Social media might not be the be all and end all for your marketing endeavors, but it’s certainly a major facet of it. Although for some of us it’s seemingly been around forever, for others, it’s still a relatively new venture. Whenever you try something new mistakes are bound to be made, but with Social media most of them are avoidable – and below I list a few of the most common ones.
Don't Brain Dump
When you first dabble in Social media it can be very tempting to just brain dump every sinew of information you have at your disposal - not only does it make your channel look full, potentially tricking new customers into thinking that you've been doing social media since forever, but why wouldn't they want to know your stance on every topic out there?
The truth is, however interesting your content is, it won't be processed properly by your consumers unless it's released steadily - as Alyson Shontell says; it's a marathon not a sprint’. Not only will this increase the chances of your content actually being read, it will also give you more time to research everything, meaning that your consumers will only read quality.
Being prolific at the start will only increase the chances of you giving up early, not because you think social media is actually a fad, but because you simply don't have the personnel to keep creating engaging content hour after hour.
The key is, start as you mean to go on, make sure your content resonates with your consumers and don't spam them with unnecessary information.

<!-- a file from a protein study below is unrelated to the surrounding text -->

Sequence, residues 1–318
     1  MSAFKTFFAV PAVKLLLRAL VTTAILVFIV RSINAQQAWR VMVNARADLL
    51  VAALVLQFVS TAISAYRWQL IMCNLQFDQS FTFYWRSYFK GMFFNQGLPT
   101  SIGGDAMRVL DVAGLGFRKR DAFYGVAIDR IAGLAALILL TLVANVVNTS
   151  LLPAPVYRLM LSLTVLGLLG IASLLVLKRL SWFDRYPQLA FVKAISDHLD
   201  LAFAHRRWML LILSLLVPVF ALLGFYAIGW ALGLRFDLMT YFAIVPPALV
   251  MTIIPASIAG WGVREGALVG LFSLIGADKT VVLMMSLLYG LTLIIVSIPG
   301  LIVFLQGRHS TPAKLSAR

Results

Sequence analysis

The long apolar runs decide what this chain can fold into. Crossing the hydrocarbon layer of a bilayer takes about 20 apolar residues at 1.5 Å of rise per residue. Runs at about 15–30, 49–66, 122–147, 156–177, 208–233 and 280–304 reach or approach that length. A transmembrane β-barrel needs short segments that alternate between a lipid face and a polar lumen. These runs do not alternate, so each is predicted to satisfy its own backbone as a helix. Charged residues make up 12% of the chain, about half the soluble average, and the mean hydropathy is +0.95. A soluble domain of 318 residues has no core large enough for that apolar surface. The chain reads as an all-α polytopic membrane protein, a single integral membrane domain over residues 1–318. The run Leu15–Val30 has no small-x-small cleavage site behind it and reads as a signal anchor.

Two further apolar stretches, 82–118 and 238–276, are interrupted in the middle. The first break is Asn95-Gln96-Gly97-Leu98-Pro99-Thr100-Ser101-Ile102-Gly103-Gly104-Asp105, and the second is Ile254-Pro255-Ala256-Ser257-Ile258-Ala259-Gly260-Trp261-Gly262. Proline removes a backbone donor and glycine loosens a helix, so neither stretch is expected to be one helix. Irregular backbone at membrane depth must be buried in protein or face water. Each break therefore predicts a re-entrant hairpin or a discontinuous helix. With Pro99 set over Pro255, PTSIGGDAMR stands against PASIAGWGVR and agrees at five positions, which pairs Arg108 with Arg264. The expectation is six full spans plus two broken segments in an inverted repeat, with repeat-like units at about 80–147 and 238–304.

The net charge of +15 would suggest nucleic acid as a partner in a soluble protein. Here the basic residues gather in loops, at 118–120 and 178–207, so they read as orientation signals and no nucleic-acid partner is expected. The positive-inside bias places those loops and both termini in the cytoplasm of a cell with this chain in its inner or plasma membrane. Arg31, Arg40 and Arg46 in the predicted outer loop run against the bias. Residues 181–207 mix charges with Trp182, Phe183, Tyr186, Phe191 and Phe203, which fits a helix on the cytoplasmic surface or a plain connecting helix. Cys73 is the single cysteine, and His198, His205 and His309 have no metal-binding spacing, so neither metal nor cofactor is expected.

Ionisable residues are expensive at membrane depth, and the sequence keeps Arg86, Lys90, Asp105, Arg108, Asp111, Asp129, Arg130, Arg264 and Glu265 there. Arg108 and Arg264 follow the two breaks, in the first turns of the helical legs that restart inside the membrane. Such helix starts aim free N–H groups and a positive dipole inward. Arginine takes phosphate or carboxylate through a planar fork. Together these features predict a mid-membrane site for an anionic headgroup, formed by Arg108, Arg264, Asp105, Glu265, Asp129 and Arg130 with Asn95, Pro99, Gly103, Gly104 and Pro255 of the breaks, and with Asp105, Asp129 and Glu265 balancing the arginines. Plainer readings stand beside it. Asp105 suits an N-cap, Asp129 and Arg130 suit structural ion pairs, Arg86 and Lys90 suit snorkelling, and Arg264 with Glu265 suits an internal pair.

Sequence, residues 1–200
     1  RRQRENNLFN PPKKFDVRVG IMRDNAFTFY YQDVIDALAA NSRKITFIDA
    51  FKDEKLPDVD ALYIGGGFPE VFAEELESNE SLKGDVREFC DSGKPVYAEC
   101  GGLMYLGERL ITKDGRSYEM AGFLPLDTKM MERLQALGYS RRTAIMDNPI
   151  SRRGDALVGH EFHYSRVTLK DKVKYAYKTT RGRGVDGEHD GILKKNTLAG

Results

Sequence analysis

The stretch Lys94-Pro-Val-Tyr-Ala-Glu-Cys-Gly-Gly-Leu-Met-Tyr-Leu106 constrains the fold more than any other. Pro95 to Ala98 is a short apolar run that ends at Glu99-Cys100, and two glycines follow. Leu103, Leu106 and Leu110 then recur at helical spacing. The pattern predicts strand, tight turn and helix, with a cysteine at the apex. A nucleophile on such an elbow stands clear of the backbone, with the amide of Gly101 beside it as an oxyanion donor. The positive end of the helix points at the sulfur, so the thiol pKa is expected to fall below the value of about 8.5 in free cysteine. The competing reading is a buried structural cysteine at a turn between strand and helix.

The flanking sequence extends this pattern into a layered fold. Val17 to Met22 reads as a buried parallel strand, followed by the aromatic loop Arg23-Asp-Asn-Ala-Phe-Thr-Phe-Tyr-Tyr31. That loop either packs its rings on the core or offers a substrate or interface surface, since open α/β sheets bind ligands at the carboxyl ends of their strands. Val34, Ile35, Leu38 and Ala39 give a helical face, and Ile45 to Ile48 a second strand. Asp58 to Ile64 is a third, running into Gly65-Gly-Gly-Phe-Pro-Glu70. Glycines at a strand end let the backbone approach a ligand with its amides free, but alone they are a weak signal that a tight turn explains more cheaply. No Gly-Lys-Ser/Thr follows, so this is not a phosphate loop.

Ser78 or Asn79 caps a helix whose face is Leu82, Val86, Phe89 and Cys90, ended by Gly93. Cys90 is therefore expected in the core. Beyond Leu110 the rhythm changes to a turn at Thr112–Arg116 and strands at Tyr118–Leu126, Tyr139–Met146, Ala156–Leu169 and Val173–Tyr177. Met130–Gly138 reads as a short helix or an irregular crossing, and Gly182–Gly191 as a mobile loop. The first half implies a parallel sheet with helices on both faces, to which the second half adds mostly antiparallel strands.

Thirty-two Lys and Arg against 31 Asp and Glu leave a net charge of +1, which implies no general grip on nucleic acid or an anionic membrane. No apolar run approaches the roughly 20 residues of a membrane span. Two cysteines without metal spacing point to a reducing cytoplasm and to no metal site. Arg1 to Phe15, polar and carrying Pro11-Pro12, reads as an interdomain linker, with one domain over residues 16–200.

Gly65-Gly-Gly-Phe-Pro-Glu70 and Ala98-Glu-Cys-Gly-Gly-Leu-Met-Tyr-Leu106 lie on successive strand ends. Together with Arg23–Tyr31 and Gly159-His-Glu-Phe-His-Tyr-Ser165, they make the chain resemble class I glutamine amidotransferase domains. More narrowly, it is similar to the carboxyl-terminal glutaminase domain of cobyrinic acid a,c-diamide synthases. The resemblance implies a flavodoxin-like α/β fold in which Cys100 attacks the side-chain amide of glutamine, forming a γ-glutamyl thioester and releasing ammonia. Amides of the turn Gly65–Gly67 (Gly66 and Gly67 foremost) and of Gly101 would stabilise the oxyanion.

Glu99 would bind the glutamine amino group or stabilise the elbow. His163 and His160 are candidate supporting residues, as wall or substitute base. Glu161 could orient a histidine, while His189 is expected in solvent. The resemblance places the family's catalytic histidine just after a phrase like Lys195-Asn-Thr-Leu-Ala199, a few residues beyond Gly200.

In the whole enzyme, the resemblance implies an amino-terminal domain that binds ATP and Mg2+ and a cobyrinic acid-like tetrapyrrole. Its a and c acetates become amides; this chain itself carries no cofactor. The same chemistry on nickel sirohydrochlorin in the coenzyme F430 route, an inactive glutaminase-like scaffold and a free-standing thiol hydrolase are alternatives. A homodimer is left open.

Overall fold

You know how people that talk too much and don't listen to anything are pretty annoying? Well, if you don't listen to your consumers and brain dump at the same time, you're pretty much the digital version of them.
If your consumers want to speak to you, talk back and engage with them - one of the biggest plusses with Social media is that it gives you a platform to have two-way conversations - it should never be a monologue.
Me, me, me
Social media is a platform for PR, but that's not all it's for. Of course, the content has to be relevant, but it doesn't need to revolve around just 'BUY THIS' - address the concerns of your customers and build a brand - they'll be grateful for it in the long run and you'll gain their trust much quicker.
Underestimating the amount of work/people needed to make it work
It's simple right? Just take a couple of minutes out of your schedule each day to send out some Tweets and soon enough you'll have a channel bursting to the seams with content. Unfortunately, it's not that simple - maintaining a social program, especially for large companies, often requires a dedicated team.
As Social media is still a relatively new phenomenon, your staff may require training - you should be ready to bring in external parties to help here because as a long-term investment it will pay dividends. Be wary of third parities though, they shouldn't actually produce your content - that should be the job of the internal employees, because the stories and values behind the company will be best expressed through them.
Treating every Social Media Channel in the Same Way
Facebook isn't the same as Twitter and both are miles away from LinkedIn. This means that social media marketers have to be ready to create content that fits in with the demographic of each channel - if not, there's a good chance you'll be deemed lazy. Keep your audience in mind when you post anything, as it will not resonate will every channel in the same way.